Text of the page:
The International Criminal Court and Cultural Property: What Is the Crime?, in The Preservation of Art and Culture in Times of War (Claire Finkelstein et al. eds., 2022)
Conflict over cultural heritage has increasingly become a standard part of war. Today, systematic exploitation, manipulation, attacks, and destruction of cultural heritage by state and non-state actors form part of most violent conflicts across the world. Such acts are often intentional and based on well-planned strategies for inflicting harm on groups of people and communities. With this increasing awareness of the role cultural heritage plays in war, scholars and practitioners have progressed from seeing conflict-related destruction of cultural heritage as a cultural tragedy to understanding it as a vital national security issue. There is also a shift from the desire to protect cultural property for its own sake to viewing its protection as connected to broader agendas of peace and security. Concerns about cultural heritage have thus migrated beyond the cultural sphere to worries about the protection of civilians, the financing of terrorism, societal resilience, post-conflict reconciliation, hybrid warfare, and the geopolitics of territorial conflicts. This volume seeks to deepen public understanding of the evolving nexus between cultural heritage and security in the twenty-first century. Drawing on a variety of disciplines and perspectives, the chapters in this volume examine a complex set of relationships between the deliberate destruction and misuse of cultural heritage in times of conflict, on the one hand, and basic societal values, legal principles, and national security, on the other.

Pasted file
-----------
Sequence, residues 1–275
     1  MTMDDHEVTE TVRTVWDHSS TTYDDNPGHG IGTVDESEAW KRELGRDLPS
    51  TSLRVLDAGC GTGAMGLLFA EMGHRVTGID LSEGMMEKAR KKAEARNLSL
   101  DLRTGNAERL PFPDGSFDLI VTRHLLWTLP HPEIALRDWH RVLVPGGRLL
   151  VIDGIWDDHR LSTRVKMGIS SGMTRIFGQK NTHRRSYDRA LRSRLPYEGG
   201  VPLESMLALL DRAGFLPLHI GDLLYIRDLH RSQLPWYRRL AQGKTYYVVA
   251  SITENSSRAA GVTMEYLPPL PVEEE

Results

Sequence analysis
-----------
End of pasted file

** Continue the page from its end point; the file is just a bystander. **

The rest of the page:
Oxford University Press
Cultural Heritage Law | Entertainment, Arts, and Sports Law | Law | Military, War, and Peace
Mark A. Drumbl, The International Criminal Court and Cultural Property: What Is the Crime?, in The Preservation of Art and Culture in Times of War (Claire Finkelstein et al. eds., 2022),